Date: Tue, 20 Feb 2001 15:59:01 -0700 (MST)
Subject: DPS Mailing #01-07: NASA response on grant delays; HST Feedback

Greetings, DPS Members-

       +------------------CONTENTS:-----------------------------+
       |1) NASA Response to Grant Delays                        |
       |2) Feedback to Planetary Scientists on HST Cycle 10     |
       +--------------------------------------------------------+

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NOTES FROM THE CHAIR - NASA Grant Delays Being Addressed

Dr. Ed Weiler, Associate Administrator for Space Science at NASA, contacted
me over the weekend to say that he had read every one of your statements 
regarding delays in grant notification and funding. He regards the problem
as serious, and has directed Dr. Guenter Riegler, Director of the Research 
Program Management Division, and his staff - starting this week - to develop 
solutions and options to fix these problems. It is also receiving attention at 
the highest levels at Goddard Space Flight Center where grants are processed. 
He does not promise immediate relief, but I believe that the current problems 
will be resolved very soon.

Weiler has given Riegler carte blanche to bring in a few detailees from JPL 
and Ames Research Center for a few months to assist in getting through the 
short term issues (which includes, I presume, picking up slack on missions
as more time is devoted to the Research and Analysis grants programs). Weiler 
is also calling for scientists interested in serving as an IPA to contact 
Riegler ASAP. I strongly urge you to consider answering these calls.

Mark V. Sykes (dpschair@aas.org)


ADDENDUM:

An IPA (from "Intergovernmental Personnel Act") is typically a temporary 
two-year position, renewable for two years, in which a person acts as a 
mission program scientist and/or manages one of the grant programs. It is 
being used here as a generic term to include scientists at centers, private
organizations, and universities. An IPA must have a Ph.D. or equivalent in a 
field of space science relevant to the program area covered by the position. 
Experience in related observational and/or instrumental research is desirable. 
IPAs are expected to succeed in a demanding work environment and to demonstrate
a high degree of initiative.  IPAs should be familiar with NASA's space 
science research programs and possess an ability to comminicate effectively 
with the scientific community, educators, and the media. Salary is competitive 
with senior scientists at universities. Allowances for relocation and travel 
expenses and occasional trips to the home institution are included. A modest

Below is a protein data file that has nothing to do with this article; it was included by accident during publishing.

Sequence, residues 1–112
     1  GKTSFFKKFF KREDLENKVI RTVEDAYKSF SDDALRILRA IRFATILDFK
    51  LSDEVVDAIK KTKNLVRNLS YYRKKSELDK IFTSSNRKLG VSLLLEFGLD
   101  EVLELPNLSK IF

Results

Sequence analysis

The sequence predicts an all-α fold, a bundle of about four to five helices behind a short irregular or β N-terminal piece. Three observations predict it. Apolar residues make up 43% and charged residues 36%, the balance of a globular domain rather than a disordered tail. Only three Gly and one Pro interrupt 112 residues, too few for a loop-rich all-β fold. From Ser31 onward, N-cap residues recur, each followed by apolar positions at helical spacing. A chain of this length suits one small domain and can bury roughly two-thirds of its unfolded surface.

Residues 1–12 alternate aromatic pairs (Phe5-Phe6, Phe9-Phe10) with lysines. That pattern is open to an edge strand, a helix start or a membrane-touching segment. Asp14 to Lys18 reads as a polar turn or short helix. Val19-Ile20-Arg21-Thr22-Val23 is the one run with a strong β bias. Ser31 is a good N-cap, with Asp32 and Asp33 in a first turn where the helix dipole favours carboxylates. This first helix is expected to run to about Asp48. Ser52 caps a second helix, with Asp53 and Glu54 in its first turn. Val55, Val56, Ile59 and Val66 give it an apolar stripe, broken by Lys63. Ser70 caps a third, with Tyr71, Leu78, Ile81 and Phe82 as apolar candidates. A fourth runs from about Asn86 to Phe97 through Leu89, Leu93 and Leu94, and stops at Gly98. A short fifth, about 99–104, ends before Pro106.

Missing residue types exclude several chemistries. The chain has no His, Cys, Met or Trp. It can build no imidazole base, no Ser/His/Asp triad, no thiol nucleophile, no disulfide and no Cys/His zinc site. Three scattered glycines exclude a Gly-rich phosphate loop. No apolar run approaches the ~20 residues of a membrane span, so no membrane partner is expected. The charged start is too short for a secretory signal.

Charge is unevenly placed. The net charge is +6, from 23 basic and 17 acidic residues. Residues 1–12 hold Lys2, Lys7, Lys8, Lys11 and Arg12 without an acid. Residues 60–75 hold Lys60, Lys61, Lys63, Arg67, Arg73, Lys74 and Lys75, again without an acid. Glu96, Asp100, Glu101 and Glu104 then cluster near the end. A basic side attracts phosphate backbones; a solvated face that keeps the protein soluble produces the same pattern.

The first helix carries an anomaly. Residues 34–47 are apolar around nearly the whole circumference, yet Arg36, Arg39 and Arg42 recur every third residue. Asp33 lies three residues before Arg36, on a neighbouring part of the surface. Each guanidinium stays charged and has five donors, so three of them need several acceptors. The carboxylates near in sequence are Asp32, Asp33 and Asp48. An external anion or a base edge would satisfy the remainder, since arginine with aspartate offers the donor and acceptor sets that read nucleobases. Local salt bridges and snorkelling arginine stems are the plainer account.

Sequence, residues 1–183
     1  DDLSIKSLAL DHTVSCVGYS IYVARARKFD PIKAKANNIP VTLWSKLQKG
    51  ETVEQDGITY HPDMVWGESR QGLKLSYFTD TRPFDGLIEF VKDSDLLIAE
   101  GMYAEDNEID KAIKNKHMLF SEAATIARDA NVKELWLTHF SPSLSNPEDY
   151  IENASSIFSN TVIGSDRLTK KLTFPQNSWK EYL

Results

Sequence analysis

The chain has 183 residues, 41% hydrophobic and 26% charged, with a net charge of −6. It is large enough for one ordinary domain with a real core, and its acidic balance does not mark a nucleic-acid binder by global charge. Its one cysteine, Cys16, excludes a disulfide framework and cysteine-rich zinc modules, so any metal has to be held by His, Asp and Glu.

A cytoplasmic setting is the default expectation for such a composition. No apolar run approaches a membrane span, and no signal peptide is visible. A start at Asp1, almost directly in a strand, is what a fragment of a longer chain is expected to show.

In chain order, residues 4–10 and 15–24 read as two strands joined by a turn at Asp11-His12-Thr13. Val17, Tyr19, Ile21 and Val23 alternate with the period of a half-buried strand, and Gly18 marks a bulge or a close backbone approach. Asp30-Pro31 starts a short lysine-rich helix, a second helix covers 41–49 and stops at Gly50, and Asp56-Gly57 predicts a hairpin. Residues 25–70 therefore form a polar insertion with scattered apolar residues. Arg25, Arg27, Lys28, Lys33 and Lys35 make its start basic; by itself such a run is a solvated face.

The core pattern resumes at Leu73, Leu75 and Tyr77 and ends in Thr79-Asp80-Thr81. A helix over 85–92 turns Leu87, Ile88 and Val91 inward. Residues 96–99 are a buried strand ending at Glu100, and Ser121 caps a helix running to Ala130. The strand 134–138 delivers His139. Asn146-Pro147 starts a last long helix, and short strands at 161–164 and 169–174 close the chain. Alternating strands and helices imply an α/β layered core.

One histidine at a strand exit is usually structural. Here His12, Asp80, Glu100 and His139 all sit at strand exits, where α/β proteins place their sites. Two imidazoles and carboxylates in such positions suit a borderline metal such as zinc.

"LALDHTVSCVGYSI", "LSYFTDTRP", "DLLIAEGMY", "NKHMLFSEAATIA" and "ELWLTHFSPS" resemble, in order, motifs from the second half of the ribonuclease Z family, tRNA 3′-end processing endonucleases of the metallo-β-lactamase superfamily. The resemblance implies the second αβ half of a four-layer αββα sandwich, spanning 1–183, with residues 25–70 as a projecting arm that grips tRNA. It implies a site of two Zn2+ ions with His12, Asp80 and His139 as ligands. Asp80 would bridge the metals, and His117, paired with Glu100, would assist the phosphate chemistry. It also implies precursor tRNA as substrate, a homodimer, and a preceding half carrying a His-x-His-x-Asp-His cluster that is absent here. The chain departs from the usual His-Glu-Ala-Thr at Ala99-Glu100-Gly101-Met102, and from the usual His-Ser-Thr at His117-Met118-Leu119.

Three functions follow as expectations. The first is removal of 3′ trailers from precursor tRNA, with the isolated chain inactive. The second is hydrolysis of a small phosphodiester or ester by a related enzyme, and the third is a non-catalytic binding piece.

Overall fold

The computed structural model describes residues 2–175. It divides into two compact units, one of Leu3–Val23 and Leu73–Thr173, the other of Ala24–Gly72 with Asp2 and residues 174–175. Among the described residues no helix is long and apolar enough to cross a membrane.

amount of time is available for research. To provide a partial offset for time 
spent away from research at NASA Headquarters, a "re-entry grant" equivalent 
to half of his/her salary will be issued after return to the home instution. 
The duration of this grant will equal the time spent at Headquarters.

Contact information for Dr. Riegler is as follows:

Dr. Guenter Riegler
Director, Research Division
Office of Space Science
NASA Headquarters
300 E Street, SW
Washington, DC 20546-0001

Phone: 202-358-1588
Email: griegler@hq.nasa.gov

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Feedback on HST Cycle 10 to planetary science community from the 
solar system review panel (not official views of STSCI).

- We would like to remind the planetary science community that HST 
continues to be a well-funded program and a valuable resource for 
planetary research. Proposers - new and old - are encouraged to 
submit proposals (particularly medium or larger proposals) for new 
observations or to study archival data.

- The panel encourages STScI to consider including proposals 
concerning extra-solar planets in the solar system panel.  This would 
balance out the size of review panels and allow comparison of solar 
system vs extra-solar observing projects.

- Approximately 1/5 of the proposals were supported in planetary 
science, as across astronomy as a whole.

- Proposals need to clearly state the scientific goals, putting them 
in the larger context of planetary science and of astronomy as a 
whole. Remember that panel members are planetary scientists but may 
not be familiar with your area of research.

- The STScI is encouraging larger (>100 orbits) proposals. Since 
these are reviewed by the TAC, comprising scientists from across the 
spectrum of astronomy, these large proposals need to be particularly 
clear in their presentation of the impact of the observations.

- Images do not reproduce well in the proposals. Proposers are 
encouraged to put images and preprints on a website which is 
referenced in the proposal. Reviewers cannot be obliged to go to such 
sites so the proposal should still stand on its own. But, some 
reviewers of Cycle 10 would have liked the opportunity to read 
unpublished papers referenced in the proposal as well as view higher 
quality images.

- The publication record of the proposal team is considered very 
seriously.  The panel has an impression that planetary scientists 
tend to be slower to publish than the rest of astronomy. This impedes 
the task of supporting requests for further data.

- Some proposals (particularly ToOs or SNAPs or surveys), where the 
data are timely and/or of broad interest, might benefit (in the 
review) from having shortened proprietary periods, and proposers 
should consider this option seriously.

HST Cycle 10 Solar System Panel
Chair, Fran Bagenal

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                      Nick Schneider, on behalf of the DPS Committee
                      (submissions to Al Harris: awharris@lithos.jpl.nasa.gov)